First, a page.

Discussion in 'Transformers 3rd Party Discussion' started by dxp, Apr 15, 2018.
Hehe, I wonder if my IP law firm’s branch in Cali ever helped you with getting any of those.
So are you a lawyer?! Too many interesting professions around here!
I think it's a bit of both. Depends on the figure.
I think a system like this would add cost and complexity for little overall gain. I've been collecting Transformers in one form or another since the 80s and I've barely ever needed to tighten joints on my figures. The few times that I have a bit of polish or similar has worked fine. I'm not super keen on anything that will add costs that solves a problem that I think is overstated.
I just had an idea for a universal solution to floppiness:
You could consider that any given joint could have a universal design, but that may limit the kinds of transformation sequences that can be engineered around that joint. As someone else has suggested here, there are compromises in joint design to do with transformation engineering. For example, if you take the hip and pelvis joints of most of the carbots from TT and MT, there are a number of striking similarities, and similarly with elbow joints that flex past 90 degrees.
i guess you can have a ball joint with a flat allen screw on the outside you can tighten / loosen
you can even do that yourself
Doubtful, we do everything through corporate IP legal in Massachusetts.
Colour is the devil! COLOR ya heathen! Not realisation, it's realization!
BY. THE. GODS. MAN!
I'm good with using floor polish.
I'm assuming you're a Yank from your weird ideas about spelling?
I really only have one thing to say in reply:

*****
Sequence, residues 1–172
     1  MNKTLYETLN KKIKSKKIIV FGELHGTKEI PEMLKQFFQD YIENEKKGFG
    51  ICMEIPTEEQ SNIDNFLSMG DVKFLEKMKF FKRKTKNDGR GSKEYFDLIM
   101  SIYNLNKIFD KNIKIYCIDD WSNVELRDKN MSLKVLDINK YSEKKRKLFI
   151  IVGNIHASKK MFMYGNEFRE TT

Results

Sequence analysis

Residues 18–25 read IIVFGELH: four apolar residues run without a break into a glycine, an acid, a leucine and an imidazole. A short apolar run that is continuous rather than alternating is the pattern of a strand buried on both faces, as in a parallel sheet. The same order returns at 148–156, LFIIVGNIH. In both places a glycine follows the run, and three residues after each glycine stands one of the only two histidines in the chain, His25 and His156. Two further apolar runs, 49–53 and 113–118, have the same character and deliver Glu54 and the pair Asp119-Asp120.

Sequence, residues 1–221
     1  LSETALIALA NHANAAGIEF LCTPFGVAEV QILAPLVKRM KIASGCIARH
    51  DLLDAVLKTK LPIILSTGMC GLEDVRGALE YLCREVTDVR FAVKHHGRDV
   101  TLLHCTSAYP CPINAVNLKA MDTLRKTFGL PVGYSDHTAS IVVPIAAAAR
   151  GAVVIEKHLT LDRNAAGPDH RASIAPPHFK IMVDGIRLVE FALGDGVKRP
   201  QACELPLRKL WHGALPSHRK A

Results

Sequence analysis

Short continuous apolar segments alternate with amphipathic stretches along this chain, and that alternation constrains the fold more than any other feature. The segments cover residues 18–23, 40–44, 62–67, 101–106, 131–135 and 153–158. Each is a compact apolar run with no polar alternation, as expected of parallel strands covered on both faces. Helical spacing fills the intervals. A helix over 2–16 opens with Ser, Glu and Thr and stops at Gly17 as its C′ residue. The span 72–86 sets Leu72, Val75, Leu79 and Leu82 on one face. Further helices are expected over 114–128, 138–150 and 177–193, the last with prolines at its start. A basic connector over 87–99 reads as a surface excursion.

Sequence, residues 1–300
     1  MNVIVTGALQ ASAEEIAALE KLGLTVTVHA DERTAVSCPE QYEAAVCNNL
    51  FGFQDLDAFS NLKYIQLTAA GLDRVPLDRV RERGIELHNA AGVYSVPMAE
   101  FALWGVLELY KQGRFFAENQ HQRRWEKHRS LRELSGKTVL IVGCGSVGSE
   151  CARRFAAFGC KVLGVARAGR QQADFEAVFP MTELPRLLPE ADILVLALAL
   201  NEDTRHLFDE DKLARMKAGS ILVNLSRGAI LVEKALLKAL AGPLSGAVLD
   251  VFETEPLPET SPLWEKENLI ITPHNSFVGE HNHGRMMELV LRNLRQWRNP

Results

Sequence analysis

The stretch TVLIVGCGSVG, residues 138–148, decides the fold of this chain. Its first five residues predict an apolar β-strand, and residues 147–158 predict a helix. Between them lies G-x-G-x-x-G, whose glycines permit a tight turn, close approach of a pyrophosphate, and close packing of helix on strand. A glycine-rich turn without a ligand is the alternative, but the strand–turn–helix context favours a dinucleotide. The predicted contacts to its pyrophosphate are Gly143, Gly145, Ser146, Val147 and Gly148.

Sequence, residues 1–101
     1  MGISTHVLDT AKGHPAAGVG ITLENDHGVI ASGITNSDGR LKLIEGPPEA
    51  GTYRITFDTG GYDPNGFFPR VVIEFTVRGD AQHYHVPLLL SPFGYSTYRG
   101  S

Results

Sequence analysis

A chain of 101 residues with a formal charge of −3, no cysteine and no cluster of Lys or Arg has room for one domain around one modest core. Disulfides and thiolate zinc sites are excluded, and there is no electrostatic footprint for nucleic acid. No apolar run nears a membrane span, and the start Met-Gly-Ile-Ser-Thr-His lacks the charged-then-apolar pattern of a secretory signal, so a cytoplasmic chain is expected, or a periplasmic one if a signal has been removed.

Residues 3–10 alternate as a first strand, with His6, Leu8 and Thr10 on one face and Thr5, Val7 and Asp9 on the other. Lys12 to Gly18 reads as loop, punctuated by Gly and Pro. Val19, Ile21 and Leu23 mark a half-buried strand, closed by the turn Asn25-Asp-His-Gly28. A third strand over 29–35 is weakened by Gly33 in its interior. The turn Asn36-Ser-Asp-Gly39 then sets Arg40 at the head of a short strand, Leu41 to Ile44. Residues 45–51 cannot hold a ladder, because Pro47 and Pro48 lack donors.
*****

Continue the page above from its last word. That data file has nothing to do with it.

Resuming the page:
The goddam metric system!!! mm, cm, m km... take your inches and yards and shove 'em where the sun don't shine you bloody colonial.
Them's fighting words. British English is the only true English!
Technically, we're all colonials here. Though you guys are convicts.
Personally, I kind of feel that even if they could somehow engineer such a feature without compromising the function and appearance of the figure in all modes, it would be a fair bit of work, and the most obvious question most initial reviewers would ask would be, "why didn't they just tolerance the joints right, instead of inventing a whole new kind of joint?"
Seriously, joints don't need to be arbitrarily strong. They just need to support the weight of the limb and whatever accessories are appropriate for the figure to hold. Going much beyond that actually risks damaging the figure (look at recent issues with DX9 Gabriel, or prior issues with TR Trypticon).
I wouldn't begrudge anyone from trying, I'm just not convinced on the surface that it would necessarily result in better products. And realistically, the quality of such a mechanism would likely vary wildly from company to company, just like normal joints do now.
They can't even decide what single type of battery to use, let alone a 'universal fix'.
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